President tweaking tonight's address
Tuesday, January 20, 2004
WASHINGTON -- President Bush put the finishing touches Monday on a State of the Union speech that calls for modest expansions of voter-friendly programs while telling Congress to curb spending in the face of record-breaking budget deficits.
Between rehearsals for the Tuesday evening address, he told reporters: "I'm almost finished, in case you're interested."
A bespectacled Bush ran through the speech, editing pen in hand, in the Family Theater of the White House. He read from a TelePrompTer to a small group of aides, including staff secretary Brett Kavanaugh and communications chief Dan Bartlett.
Bush seemed relaxed as he passed reporters en route to a brief appearance before the wives of black clergy members. He said with a laugh that the number of drafts had not reached the "triple digits."
The president left the State Room appearance as his wife sat down for lunch with the spouses, joking that he hadn't been invited. In fact, he returned to more rehearsals of a speech that will set his election-year agenda.
Bush will open his address with remarks on national security, then move into domestic priorities, contrary to past practice, aides say. He will urge Americans to back him on the war on terrorism, arguing that the path he has chosen, including invading Iraq, is the right one.
Bush's message -- that his top responsibility is to protect Americans -- comes at a time when Americans are split on his leadership.
In a CBS-New York Times poll earlier this month, people were about equally divided over his handling of foreign policy. But less than half said the American death toll in Iraq, which has climbed past 500 amid continuing violence, was worth it.
The second half of Bush's speech focuses on domestic priorities, with a special emphasis on the economy. He will seek to convince Americans that his series of tax cuts has turned the economy around, and that he is now turning his attention to job creation, who aides said.
Education sources have said he'll call for new job-training grants channeled through community colleges to help prepare American workers for a changing economy.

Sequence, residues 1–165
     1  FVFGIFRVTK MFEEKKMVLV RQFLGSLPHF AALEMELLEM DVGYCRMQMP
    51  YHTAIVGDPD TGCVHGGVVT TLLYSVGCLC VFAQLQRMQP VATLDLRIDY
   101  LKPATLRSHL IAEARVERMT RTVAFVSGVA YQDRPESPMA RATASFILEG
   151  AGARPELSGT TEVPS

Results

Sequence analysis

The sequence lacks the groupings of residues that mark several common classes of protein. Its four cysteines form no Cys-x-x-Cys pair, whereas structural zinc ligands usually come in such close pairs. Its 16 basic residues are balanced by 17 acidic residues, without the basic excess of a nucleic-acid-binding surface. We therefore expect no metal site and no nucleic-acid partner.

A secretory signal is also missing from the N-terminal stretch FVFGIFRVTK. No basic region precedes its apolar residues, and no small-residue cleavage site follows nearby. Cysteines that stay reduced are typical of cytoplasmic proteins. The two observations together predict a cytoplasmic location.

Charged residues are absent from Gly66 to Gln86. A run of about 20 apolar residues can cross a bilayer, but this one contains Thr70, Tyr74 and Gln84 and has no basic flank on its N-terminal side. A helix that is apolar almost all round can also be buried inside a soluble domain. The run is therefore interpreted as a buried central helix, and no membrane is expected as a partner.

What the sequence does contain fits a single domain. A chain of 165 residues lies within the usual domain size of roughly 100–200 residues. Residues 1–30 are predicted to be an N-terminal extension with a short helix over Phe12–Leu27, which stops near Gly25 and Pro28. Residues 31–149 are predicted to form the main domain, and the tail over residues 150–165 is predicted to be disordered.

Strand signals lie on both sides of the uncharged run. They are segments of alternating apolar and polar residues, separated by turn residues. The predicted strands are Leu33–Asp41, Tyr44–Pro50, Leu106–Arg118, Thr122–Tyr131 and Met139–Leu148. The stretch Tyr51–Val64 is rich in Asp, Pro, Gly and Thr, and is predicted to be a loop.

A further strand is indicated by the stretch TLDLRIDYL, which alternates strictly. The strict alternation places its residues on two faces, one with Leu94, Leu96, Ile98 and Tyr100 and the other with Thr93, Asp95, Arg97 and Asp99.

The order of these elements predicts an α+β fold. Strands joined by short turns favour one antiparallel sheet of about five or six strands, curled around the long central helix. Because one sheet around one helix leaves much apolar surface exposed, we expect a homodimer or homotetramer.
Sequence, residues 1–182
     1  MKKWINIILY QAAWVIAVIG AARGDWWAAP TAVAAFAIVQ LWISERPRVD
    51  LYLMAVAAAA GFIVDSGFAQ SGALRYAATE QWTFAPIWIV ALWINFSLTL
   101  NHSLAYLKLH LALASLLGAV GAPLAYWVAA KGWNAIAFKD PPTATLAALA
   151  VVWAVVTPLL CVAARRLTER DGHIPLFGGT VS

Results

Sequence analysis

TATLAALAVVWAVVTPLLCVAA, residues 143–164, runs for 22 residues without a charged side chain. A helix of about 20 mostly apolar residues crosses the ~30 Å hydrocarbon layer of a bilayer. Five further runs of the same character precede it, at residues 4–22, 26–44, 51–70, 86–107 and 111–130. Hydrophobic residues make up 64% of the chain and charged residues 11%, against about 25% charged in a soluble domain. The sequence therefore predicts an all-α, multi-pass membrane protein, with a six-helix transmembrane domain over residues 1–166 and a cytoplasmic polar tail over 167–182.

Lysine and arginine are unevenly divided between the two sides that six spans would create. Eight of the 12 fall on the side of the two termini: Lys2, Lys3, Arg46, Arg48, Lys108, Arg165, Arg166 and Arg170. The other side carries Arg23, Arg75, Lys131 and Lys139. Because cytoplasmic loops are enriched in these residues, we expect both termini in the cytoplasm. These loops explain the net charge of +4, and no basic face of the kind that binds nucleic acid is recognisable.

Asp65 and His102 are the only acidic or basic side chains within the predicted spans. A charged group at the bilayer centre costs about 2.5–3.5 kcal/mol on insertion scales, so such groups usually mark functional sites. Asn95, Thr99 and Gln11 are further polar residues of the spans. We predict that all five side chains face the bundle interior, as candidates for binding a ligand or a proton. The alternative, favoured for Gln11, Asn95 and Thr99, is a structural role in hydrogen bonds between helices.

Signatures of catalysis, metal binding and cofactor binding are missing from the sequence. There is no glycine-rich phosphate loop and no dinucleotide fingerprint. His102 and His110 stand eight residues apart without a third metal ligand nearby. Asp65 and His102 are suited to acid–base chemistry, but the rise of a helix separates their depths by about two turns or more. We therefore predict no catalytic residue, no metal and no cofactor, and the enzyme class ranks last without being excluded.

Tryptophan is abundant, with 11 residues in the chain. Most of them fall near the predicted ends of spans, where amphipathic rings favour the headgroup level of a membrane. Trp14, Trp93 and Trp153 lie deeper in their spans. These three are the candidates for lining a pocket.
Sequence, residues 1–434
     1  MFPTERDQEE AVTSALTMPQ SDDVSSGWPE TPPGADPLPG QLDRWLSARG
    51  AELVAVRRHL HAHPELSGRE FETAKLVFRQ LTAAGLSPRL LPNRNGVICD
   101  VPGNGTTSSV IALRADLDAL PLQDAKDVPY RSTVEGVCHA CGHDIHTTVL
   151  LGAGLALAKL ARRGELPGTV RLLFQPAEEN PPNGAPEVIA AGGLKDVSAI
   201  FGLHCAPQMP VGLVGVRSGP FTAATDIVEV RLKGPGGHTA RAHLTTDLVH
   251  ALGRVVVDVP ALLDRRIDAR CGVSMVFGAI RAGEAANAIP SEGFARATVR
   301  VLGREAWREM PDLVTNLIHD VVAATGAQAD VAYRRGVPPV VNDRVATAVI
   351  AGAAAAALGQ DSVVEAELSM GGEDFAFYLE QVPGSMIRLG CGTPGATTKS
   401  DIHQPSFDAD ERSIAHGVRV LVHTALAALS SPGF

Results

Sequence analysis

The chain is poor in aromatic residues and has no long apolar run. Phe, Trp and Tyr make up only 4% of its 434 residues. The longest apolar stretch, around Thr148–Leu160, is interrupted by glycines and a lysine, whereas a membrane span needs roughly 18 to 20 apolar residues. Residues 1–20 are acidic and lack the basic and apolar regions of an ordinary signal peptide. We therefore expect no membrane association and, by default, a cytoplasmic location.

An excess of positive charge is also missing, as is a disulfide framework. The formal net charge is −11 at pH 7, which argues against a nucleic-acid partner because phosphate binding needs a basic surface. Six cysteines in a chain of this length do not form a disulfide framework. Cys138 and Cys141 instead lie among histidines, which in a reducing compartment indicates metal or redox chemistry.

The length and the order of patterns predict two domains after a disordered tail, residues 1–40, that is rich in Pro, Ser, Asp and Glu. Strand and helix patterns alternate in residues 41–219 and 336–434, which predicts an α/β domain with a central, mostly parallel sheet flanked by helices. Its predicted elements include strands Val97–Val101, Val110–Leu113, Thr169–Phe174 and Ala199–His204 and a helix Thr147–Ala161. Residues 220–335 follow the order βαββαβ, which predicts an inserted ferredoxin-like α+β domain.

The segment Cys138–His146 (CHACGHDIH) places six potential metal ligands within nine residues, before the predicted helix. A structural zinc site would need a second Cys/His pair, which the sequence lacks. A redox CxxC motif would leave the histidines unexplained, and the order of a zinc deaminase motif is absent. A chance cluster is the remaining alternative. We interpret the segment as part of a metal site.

Constrained by red ink, Bush's job-training proposal will cost more than $120 million, said White House officials who declined to be more specific.
Democrats said they were determined to make sure the president does not get too much credit; he has cut vocational education and an array of job-training programs in recent years, they said.
Seeking to highlight the "compassion" in his "compassionate conservative" slogan, Bush will also propose steps to rein in the rising costs of health care. The Census Bureau reported that 43.6 million people lacked health insurance at some point in 2002, up from 39.8 million in 2000.
But administration officials said they did not foresee a sweeping new proposal to bring more Americans onto the rolls of the insured.
Last week, when the Institute of Medicine recommended for the first time that the government provide universal health insurance by 2010, Health and Human Services Secretary Tommy Thompson called that "not realistic."
Last year, the administration last year proposed spending up to $89 billion in health care tax credits to help those who do not have employer-based coverage. The Republican-led Congress took no action.
This month, Bush has called for sweeping changes in immigration law and for establishing a research base on the moon.
His State of the Union address contains no such large-scale proposals, partly because the government faces record budget deficits. Next year, the shortfall is expected to be about $500 billion.
Bush has pledged to cut the deficit in half over the next five years, and is likely to reiterate the promise, aides said.
But Bush should go farther, and make federal spending restraint a centerpiece of his address, said Grover Norquist, president of Americans for Tax Reform and a conservative who talks to White House officials often.
"There is a sense of, 'When are we going to rein in spending?"' Norquist said. "He needs to spend more time on the importance of spending restraint than on going to Mars."
More broadly, Norquist said, Bush must "make the case that he's had successes in the war on terrorism and on getting economic growth, (but) he needs to make the case that his job isn't finished. If he highlights just the successes, people will say, 'Thanks very much, but why would we rehire you?"'